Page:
NAM summit: Iran says won`t abandon nuke programme
The Non-Aligned Movement Summit of the 120-nations grouping opens with Iran assuming the Chair from Egypt for the next three years.
Tehran: Stressing that Iran was not hankering after nuclear weapons, Supreme Leader Ayatollah Ali Khamenei on Thursday condemned the use of nuclear weapons as "unforgivable sin" and at the same time, vowed not to abandon Iran’s controversial nuclear program.
Amidst Western efforts to isolate Iran over its nuclear programme, the 16th Summit of the Non-Aligned Movement opened here today with Iran nuclear programme and Syrian crisis topping the agenda.
Speaking on the first day of the two-day summit of the 120-member Non-Aligned Movement, Khamenei, who has final say on all state matters in Iran, added the country considers the use of nuclear weapons to be "a big and unforgiveable sin”.
"Nuclear arms have neither provided security nor boosted political power," Khamenei said in a speech broadcast live on Iranian state TV.
"I declare that the Islamic Republic of Iran has never been after nuclear weapons and it will never abandon its right for peaceful use of nuclear energy," he added.
He further accused the US of "bullying" the world.
On the other hand, Egypt’s President Mohammed Mursi chose the occasion of 16th NAM summit to slam the "oppressive" Syrian regime, triggering a walkout by the Syrian delegation on Thursday.
Hitting out at Syrian President Bashar al-Assad, Mursi said it was an "ethical duty" to support the Syrian people against the "oppressive regime" in Damascus.
"We all have to announce our full solidarity with the struggle of those seeking freedom and justice in Syria, and translate this sympathy into a clear political vision that supports a peaceful transition to a democratic system of rule that reflects the demands of the Syrian people for freedom."
The Syrian delegation at the Summit walked out during Mursi’s speech.
Mursi’s visit to Iran on Thursday is the first by an Egyptian leader to the Islamic Republic in three decades. It represents a major thaw in relations between the two countries since Mursi, an Islamist, became President in June in the aftermath of the country’s 2011 uprising.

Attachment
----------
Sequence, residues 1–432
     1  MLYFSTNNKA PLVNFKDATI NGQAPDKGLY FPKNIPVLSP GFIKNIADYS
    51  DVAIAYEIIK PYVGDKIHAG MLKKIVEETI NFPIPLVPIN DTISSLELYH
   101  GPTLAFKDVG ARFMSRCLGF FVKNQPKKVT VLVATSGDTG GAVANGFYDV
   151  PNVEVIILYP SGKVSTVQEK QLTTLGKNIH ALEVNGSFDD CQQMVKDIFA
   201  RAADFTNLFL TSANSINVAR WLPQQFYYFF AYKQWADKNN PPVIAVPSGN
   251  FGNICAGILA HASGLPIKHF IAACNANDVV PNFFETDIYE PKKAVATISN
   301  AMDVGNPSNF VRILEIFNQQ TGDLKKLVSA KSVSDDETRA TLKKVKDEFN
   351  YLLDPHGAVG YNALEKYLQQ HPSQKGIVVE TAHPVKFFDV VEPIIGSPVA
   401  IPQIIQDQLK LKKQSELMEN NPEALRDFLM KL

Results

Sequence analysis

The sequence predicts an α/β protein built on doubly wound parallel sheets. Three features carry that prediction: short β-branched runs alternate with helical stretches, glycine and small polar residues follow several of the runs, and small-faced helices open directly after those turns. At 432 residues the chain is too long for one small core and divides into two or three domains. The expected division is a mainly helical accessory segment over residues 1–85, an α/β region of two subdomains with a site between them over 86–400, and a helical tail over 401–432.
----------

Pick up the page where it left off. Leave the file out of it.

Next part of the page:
Iran and Egypt, however, remain divided over Syria’s crisis. Shi’ite Iran backs the Damascus regime while there is widespread sympathy in Egypt for the rebels seeking to oust President Bashar Assad.
The two-day meet of the 120-nation grouping began with the national anthem of Iran followed by the recitation of the verses from the holy Quran.
Coming in the midst of reservations expressed by the US and some other western countries, Tehran is projecting the 16th NAM Summit as a big diplomatic victory, notwithstanding the sanctions and other financial restrictions imposed on it.
India’s Prime Minister Manmohan Singh is leading the Indian delegation to the Summit, which is being attended by over 30 Heads of State and Government.
The Summit is being held after a two-day experts` meeting and a conference of the foreign ministers of the NAM member states which also lasted for two days.
The guest list also includes UN Secretary-General Ban Ki-moon.
The Summit opened with Iran assuming the Chair from Egypt for the next three years.
Important leaders attending the summit included Pakistan President Asif Ali Zardari, Afghan President Hamid Karzai, Bangladesh Prime Minister Sheikh Hasina, Benin President Thomas Boni Yayi, Bhutanese Prime Minister Jigmi Thinley and Cambodian Prime Minister Hun Sen.
The US and Western countries have accused Iran of pursuing a clandestine and dangerous nuclear weapons programme.
Iran says its nuclear programme is a peaceful drive to produce electricity so that the world`s fourth-largest crude oil exporter can sell more of its oil and gas abroad.
The Non-Aligned Movement, the rotating presidency of which was conferred to Iran on August 26, comprises two-third of the UN member states and was established in 1961 in Belgrade.
(With Agency inputs)